Target's Meals for Minds aims to spur learning in metro schools

7:39 AM, Nov 30, 2012   |    comments
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SAINT PAUL, Minn. -- A sea of people in red shirts unpack, label and stack books in a school gym while music blares in the background.

What could be a team building exercise for these Target employees is actually a brain-building activity for the students of The American Indian Magnet School in Saint Paul.

"Today we are unveiling a Target School Library makeover," said Reba Dominski, Director of Community Relations and Education Initiatives for Target. "And as part of that school library makeover, we are bringing to the American Indian Magnet School a Target Meals for Minds school foods pantry."

That means Target is working with local food shelves to give families 20-30 pounds of food each month, in addition to the newly renovated library.

It's all part of Target's pledge to commit a billion dollars to education by the year 2015.  To date, Target has renovated 145 libraries nationwide, more than a dozen here in the Twin Cities.  The retailer chooses schools with a high percentage of children who receive free and reduced lunch, something that uncovered a growing problem.

"We heard consistently in conversations with parents and with educators that kids are coming to school hungry, and hungry kids can't learn," said Dominski.

Target is betting that by targeting literacy and hunger, they can help schools boost student achievement.  The effort extends into the home.

"We have books that are being prepared for each child to take home today," said John Flynn with The Heart of America Foundation, which partners with Target for the library makeovers.  That means every child in the school, as well as each of their siblings will have seven new books for their own personal library.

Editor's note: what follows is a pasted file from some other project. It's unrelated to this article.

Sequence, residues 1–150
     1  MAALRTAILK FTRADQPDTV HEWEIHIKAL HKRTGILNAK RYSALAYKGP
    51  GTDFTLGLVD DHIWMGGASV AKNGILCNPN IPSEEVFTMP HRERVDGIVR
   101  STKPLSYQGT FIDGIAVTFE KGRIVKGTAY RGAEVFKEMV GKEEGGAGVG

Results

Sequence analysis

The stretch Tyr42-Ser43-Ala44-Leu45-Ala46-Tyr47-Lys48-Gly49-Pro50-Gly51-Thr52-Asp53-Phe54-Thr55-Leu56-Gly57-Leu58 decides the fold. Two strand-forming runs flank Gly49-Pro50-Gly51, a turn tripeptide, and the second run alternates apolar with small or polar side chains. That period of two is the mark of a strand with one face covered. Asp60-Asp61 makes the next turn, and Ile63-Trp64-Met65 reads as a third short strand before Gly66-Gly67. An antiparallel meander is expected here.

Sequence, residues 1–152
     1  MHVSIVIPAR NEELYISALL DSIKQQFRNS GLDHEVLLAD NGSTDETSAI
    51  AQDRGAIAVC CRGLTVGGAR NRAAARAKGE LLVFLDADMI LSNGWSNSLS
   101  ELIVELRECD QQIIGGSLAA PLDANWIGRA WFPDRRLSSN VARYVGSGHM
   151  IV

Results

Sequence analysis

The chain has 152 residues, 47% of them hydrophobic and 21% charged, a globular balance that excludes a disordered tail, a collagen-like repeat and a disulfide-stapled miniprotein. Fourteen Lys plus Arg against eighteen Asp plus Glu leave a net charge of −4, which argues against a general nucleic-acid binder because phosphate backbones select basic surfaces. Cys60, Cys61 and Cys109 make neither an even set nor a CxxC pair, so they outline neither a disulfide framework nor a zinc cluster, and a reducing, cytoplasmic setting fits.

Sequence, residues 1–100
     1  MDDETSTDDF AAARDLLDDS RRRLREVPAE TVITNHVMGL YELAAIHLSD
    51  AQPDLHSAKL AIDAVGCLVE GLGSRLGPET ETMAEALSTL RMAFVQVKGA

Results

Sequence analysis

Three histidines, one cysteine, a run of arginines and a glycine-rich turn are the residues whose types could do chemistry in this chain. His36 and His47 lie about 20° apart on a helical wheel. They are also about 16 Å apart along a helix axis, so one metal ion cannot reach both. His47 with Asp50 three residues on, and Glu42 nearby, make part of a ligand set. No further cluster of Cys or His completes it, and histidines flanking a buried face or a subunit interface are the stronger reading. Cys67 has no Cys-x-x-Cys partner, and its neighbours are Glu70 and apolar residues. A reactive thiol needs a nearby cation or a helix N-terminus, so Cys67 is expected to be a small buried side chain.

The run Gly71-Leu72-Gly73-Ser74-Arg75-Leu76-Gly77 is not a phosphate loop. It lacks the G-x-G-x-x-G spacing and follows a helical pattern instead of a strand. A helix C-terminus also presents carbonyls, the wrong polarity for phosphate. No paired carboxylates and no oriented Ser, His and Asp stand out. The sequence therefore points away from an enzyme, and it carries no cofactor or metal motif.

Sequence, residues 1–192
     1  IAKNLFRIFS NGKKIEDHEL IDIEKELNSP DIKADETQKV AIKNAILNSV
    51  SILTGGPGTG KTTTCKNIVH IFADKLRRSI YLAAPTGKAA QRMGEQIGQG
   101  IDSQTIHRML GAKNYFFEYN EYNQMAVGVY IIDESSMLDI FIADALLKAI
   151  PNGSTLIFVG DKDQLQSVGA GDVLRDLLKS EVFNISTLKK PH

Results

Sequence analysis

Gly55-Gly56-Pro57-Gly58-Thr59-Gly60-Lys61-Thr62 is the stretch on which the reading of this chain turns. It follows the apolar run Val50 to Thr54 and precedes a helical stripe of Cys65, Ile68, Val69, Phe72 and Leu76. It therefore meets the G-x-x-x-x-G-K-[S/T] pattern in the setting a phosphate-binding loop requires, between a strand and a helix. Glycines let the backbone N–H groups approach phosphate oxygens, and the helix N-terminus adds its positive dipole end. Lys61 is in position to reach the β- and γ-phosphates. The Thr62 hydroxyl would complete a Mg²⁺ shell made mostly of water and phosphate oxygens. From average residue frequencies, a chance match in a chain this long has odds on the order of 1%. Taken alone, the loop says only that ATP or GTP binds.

The school library is a story in itself.

"Two-thousand brand new library books, brand new furniture, inspiration and motivational design to the library space,"  said Flynn.  There are also new iPads and an interactive white board. 

The work is a team effort with local contractors who provide materials and expertise.  Volunteers from Target work to stock the shelves, put on finishing touches, clean and prepare the space for the kids, who will tour the library with their classrooms, and their families.

It's a familiar sight to Principal Steven Couture, who's previous school in Minneapolis also got a libary makeover. 

"Our achievement scores went up," said Couture, who said the benefits of the library makeover went beyond the school walls.

"It set a positive tone for achievement, it also kind of gave us an impetus for family involvement."

Couture is grateful on behalf of his staff and students, knowing this is something that likely would not happen without those Target dollars and volunteers.

"When the corporate world and the foundations work together to do this, it's a lot easier than individual schools to kind of venture off on their own." said Couture.

 

 

(Copyright 2012 by KARE. All rights reserved.)

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